Sunderland’s World War One ‘Listening Ear’ officially reopens

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A historic gem dating back to the First World War is battle-ready for the first time in years – after a £68,000 revamp.

Fulwell Acoustic Mirror – also known as a Listening Ear – was placed on the Historic England Heritage at Risk register in 2011, after falling into disrepair over the decades.

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But a two-year restoration project involving Sunderland City Council, the Limestone Landscape Partnership and Heritage Lottery has lifted it out of danger, and it will officially reopen today.

“Fulwell Mirror is a very rare reminder of the home front in the North East during the First World War,” said Councillor John Kelly, portfolio holder for public health, wellness and culture.

“The restoration has give the mirror a new lease of life by preserving it for future generations almost a hundred years after it was built to defend our shores.

“This, along with new interpretative material, will make it more accessible to residents, groups, schools and visitors as a unique heritage tourist attraction and educational resource.”

It is an incredibly important part of our military history and it’s especially fitting that this work has been completed when we are commemorating the centenary of the First World War.

Councillor John Kelly

The Fulwell Mirror was one of several Listening Ears built along the coast during the latter years of the Great War; designed as early warning devices to help keep Britain safe from Zeppelin attacks.

The concrete dish was carefully shaped to detect the noise of approaching airships and planes up to 15 minutes out to sea – a forerunner to modern radars – with any threat producing a warning signal.

Sadly, the mirror was built too late to save the lives of 22 Wearsiders, who died when Zeppelin L-11 dropped a deadly haul of explosives over Monkwearmouth on April 1, 1916.

But the device did provide warning of another potential attack in 1917, allowing enough time for the airbase at North Hylton to launch a counter attack - chasing the Zeppelin away from the town.

Despite its success, however, the development of new technology eventually left the acoustic mirror obsolete. As the years passed, it became covered in weeds - and started to crumble away.

“The mirror’s inclusion on the “at risk” register triggered a partnership between the council, Historic England and Limestone Landscape which has led to its sympathetic restoration,” said Coun Kelly.

“It is an incredibly important part of our military history and it’s especially fitting that this work has been completed when we are commemorating the centenary of the First World War.”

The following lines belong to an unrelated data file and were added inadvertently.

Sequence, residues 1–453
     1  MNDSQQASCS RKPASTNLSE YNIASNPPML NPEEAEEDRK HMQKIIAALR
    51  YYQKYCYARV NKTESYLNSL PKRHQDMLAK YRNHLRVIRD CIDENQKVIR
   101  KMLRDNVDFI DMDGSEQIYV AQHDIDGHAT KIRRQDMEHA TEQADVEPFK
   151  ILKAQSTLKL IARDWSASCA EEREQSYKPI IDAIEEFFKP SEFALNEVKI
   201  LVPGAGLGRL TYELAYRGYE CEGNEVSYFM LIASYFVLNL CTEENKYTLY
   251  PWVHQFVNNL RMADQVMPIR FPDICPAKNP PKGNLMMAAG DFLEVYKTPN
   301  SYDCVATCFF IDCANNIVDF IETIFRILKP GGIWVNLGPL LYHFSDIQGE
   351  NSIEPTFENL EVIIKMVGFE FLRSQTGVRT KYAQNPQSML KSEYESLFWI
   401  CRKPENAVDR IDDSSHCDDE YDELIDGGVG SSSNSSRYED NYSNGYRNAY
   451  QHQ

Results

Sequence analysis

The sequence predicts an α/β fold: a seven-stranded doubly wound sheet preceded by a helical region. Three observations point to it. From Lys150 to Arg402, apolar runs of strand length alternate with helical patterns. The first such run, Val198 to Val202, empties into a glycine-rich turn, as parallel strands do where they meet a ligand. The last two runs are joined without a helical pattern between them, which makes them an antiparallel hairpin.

A site clean-up spearheaded by Groundwork North East and Southwick Neighbourhood Young Peoples Project - dubbed “The Battle of the Brambles” - helped clear most of the weeds, brambles and greenery covering the mirror in 2012.

Sunderland Council then secured funding from Historic England the following year, as well as Heritage Lottery Fund cash, to allow restoration work on the wartime relic to begin.

Gravel pathways, grassed picnic area, information panels and a wildflower meadow are among the improvements made at the site, while diluted sheep droppings were used to “tone in” repairs to the concrete.

Now the mirror - one of the city’s ten scheduled ancient monuments - is no longer classed as at risk and Kate Wilson, Historic England’s principal adviser for Heritage at Risk for the North East, said:

“This has been a very successful partnership to repair and reveal the mirror’s history. It will take a step towards making sure the acoustic mirror will survive for many more years to come.”

l More than 20 people died, 105 were injured, houses flattened and a tram destroyed when L-1l floated silently across Sunderland on April 1, 1916.

“Violent explosions, the collapse of buildings, and the outbreak of fires clearly indicated the good effect of our attacks,” claimed the German Admiralty.

Among those killed were magistrate Thomas Shepherd Dale, a Wheatsheaf tram inspector and two siblings from Eden Street – Henry and Gertrude Patrick. The teenagers lost their lives after being hit by shrapnel, shell and glass.

Tram conductress Margaret Holmes later recalled “The bomb fell through the tram. I was blown right out and I came to rest in water coming from a burst main.”